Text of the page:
The COVID-19 pandemic has been overwhelming, not only in terms of the huge numbers of people who have gotten sick or died. We have also been engulfed with information about the virus, the infection, the risk factors, what we should do and what we can expect. Much of this information has been contradictory. We turn to a leading expert in digital medicine and technology to find out how we can start learning lessons from the pandemic.
With enormous variability in case rates around the world, predicting the future spread is a challenge. We discuss regional differences and the controversy over vaccination vs. “natural” immunity. The only way to gain natural immunity is to recover from COVID, but the course of the disease is far from predictable. That’s why we asked about boosters: who benefits the most? How important are they? Is it ethical for older people in wealthy countries to get booster shots when so many people in the world have not yet had their first? Ethics aside, why do world vaccination rates matter to people in the US?
Merck has asked the FDA to grant its new antiviral molnupiravir emergency use authorization. This pill could be taken at the first hint of infection. If taken early, it can reduce the rate of hospitalization by 50%. In the trial, nearly 15% of those on placebo needed hospital care for their COVID infections. Just over 7% of those taking molnupiravir ended up in the hospital for their infection.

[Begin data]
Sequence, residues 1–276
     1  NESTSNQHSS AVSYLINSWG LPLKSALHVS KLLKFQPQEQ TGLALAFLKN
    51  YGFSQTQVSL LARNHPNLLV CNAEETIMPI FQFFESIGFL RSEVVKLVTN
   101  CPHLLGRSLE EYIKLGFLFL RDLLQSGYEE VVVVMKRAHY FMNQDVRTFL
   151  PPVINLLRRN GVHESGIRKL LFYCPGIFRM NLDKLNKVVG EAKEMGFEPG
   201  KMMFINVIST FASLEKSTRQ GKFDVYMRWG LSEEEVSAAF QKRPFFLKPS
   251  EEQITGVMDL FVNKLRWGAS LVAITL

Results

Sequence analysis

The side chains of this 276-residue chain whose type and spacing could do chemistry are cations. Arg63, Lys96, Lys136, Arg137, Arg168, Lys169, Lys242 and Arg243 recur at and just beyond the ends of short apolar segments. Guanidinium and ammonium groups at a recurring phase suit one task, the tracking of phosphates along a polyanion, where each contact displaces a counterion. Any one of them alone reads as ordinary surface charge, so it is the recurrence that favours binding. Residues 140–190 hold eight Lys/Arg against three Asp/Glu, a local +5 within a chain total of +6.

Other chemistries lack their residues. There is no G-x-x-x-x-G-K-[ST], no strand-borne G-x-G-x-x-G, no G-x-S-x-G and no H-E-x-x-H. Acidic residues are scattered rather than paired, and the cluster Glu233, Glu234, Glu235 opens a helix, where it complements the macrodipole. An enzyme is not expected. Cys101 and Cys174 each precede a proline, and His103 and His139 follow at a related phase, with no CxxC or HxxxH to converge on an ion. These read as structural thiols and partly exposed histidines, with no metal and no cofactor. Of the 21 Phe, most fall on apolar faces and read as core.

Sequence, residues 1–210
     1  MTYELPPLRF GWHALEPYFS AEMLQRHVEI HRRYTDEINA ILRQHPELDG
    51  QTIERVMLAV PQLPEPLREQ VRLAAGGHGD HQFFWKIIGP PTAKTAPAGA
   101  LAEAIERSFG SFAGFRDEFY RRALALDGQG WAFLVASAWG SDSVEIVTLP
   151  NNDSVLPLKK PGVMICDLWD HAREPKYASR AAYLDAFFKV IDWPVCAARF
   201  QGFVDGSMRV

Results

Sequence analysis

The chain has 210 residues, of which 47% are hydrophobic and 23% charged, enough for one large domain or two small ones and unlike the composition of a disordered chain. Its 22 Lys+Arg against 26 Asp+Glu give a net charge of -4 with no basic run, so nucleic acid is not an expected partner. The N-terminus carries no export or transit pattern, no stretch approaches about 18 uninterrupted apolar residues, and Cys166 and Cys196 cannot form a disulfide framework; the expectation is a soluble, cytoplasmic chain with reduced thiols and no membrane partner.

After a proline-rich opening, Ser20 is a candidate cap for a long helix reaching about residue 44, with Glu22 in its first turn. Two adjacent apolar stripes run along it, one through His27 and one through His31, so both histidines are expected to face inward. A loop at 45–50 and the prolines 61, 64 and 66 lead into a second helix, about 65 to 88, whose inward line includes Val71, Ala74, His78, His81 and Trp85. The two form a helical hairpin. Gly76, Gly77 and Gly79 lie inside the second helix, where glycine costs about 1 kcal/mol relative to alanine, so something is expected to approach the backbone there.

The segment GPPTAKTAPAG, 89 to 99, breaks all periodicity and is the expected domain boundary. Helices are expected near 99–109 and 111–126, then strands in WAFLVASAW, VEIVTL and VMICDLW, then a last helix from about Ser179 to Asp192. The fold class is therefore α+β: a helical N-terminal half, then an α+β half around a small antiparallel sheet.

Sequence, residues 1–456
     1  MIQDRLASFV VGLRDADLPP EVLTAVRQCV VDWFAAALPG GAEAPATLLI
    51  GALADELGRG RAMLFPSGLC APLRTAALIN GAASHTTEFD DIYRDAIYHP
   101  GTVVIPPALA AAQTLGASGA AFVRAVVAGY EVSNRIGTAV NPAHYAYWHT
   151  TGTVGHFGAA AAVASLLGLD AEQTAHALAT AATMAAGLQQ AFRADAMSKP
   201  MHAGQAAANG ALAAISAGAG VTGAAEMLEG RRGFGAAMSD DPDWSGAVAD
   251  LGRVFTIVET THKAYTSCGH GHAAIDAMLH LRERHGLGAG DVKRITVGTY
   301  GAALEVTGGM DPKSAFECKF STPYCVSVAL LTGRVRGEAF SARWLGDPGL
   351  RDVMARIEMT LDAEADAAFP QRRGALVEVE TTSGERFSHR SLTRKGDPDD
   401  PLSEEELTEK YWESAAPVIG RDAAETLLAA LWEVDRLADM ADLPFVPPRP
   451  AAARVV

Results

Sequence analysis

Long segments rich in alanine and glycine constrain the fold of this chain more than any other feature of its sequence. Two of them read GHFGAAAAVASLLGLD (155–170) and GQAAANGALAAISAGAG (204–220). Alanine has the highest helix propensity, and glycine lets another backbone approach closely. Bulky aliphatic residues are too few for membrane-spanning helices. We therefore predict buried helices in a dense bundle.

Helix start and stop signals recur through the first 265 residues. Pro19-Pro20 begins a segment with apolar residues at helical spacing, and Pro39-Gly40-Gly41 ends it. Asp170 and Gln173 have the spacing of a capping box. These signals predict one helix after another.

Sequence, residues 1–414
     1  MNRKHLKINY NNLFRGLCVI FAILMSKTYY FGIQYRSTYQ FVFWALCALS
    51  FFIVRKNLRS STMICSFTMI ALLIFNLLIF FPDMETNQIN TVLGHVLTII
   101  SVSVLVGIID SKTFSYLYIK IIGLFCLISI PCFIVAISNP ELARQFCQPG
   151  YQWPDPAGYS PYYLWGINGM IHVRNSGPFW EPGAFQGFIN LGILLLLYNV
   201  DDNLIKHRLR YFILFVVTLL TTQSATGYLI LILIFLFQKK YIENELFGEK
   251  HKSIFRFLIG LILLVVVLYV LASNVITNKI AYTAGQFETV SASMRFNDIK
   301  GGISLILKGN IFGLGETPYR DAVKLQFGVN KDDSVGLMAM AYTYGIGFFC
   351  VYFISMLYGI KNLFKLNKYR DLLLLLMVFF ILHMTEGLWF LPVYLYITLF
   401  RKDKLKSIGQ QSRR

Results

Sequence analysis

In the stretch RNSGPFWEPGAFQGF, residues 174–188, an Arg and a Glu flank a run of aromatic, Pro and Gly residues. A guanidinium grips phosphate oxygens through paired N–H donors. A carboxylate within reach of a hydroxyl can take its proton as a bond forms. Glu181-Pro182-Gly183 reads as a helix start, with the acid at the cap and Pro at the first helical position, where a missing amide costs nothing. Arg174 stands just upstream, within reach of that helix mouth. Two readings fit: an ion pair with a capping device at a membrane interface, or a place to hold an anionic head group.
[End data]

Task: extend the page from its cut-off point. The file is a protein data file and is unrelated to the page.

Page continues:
Dr. Topol discussed the cost of molnupiravir with us. Merck is making the formula available to drug makers in low-income countries without royalties. That is commendable. In the US and probably in the UK and Europe, however, the drug is likely to cost a pretty penny.
Even in our age of artificial intelligence and elegant digital technology, many of us have been learning lessons from a previous pandemic. Steps taken during the 1918 flu pandemic have proven to be some of the most effective against COVID-19 as well: good masks, stringent distancing, effective ventilation.
Why are we so far behind the curve when it comes to learning lessons from the pandemic? We need good data collection and unbiased analysis. Public health measures need muscle. How will we prepare for the next pandemic, which is more a matter of when than if?
Dr. Eric Topol is the Founder and Director of the Scripps Research Translational Institute and Professor of Molecular Medicine. He is the Executive Vice-President of Scripps Research and holds the Gary and Mary West Endowed Chair of Innovative Medicine. As a researcher, he has published over 1,200 peer-reviewed articles, with more than 250,000 citations. Dr. Topol was elected to the National Academy of Medicine and is one of the top 10 most cited researchers in medicine. His principal scientific focus has been on genomic and digital tools to individualize medicine.
Dr.Topol is the author of several books. His most recent book is Deep Medicine: How Artificial Intelligence Can Make Healthcare Human Again.
You can find him on Twitter @EricTopol. The photo of Dr. Topol is by Michael Balderas.
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